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What's the difference/advantages between code behind and code inside?

P: n/a
Hello,

Newbie here, so please forgive what is probably a basic question ...

I see a lot of discussion about "code behind", which if I have
understood correctly, means that the script code goes in a separate file
from the HTML. Apart from the obvious advantage if you have a separate
designer and programmer, are there any other advantages to code behind?

Most of the stuff I've seen so far uses code inside, but that's probably
because I'm still reading introductions and tutorials. It looks sensible
to me, as all the code is in one file (I can't afford to employ a
designer!!), albeit conveniently separated into sections.

So, any advantage of code behind? Thanks in advance for all and any
(helpful) responses.

--
Alan Silver
(anything added below this line is nothing to do with me)
Nov 19 '05 #1
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37 Replies


P: n/a
According to reports ive read there is no difference between the 2 in terms
of performance

I personally refer to use code behind as its more like the VB editors im
used to but i guess its up to you

Hope this helps


"Alan Silver" <al*********@nospam.thanx> wrote in message
news:ls**************@nospamthankyou.spam...
Hello,

Newbie here, so please forgive what is probably a basic question ...

I see a lot of discussion about "code behind", which if I have understood
correctly, means that the script code goes in a separate file from the
HTML. Apart from the obvious advantage if you have a separate designer and
programmer, are there any other advantages to code behind?

Most of the stuff I've seen so far uses code inside, but that's probably
because I'm still reading introductions and tutorials. It looks sensible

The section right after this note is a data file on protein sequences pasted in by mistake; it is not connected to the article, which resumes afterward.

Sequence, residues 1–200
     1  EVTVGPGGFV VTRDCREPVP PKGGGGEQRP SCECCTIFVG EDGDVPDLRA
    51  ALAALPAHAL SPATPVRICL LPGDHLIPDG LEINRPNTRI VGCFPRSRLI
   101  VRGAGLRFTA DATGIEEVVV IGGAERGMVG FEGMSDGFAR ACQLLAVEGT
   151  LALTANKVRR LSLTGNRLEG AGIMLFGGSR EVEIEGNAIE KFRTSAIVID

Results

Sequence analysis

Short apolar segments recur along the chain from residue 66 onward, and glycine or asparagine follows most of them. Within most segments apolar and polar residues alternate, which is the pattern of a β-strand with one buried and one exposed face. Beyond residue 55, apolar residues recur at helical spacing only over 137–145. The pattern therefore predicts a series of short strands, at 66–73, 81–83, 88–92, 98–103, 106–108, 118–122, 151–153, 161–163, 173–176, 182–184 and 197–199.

to me, as all the code is in one file (I can't afford to employ a
designer!!), albeit conveniently separated into sections.

So, any advantage of code behind? Thanks in advance for all and any
(helpful) responses.

--
Alan Silver
(anything added below this line is nothing to do with me)

Nov 19 '05 #2

P: n/a
In-page script can be changed on the site without re-deploying the whole
application.

Code behind lets you write program modules in a regular professional way.

Eliyahu

"Alan Silver" <al*********@nospam.thanx> wrote in message
news:ls**************@nospamthankyou.spam...
Hello,

Newbie here, so please forgive what is probably a basic question ...

I see a lot of discussion about "code behind", which if I have
understood correctly, means that the script code goes in a separate file
from the HTML. Apart from the obvious advantage if you have a separate
designer and programmer, are there any other advantages to code behind?

Most of the stuff I've seen so far uses code inside, but that's probably
because I'm still reading introductions and tutorials. It looks sensible
to me, as all the code is in one file (I can't afford to employ a
designer!!), albeit conveniently separated into sections.

So, any advantage of code behind? Thanks in advance for all and any
(helpful) responses.

--
Alan Silver
(anything added below this line is nothing to do with me)

Nov 19 '05 #3

P: n/a
ease of reading is enough for me....

FYI, in the new VS you should be able to "push a button" and switch your
model from code-behind to in-line or back again.

--
Curt Christianson
Site & Scripts: http://www.Darkfalz.com
Blog: http://blog.Darkfalz.com
"Alan Silver" <al*********@nospam.thanx> wrote in message
news:ls**************@nospamthankyou.spam...
Hello,

Newbie here, so please forgive what is probably a basic question ...

I see a lot of discussion about "code behind", which if I have understood
correctly, means that the script code goes in a separate file from the
HTML. Apart from the obvious advantage if you have a separate designer and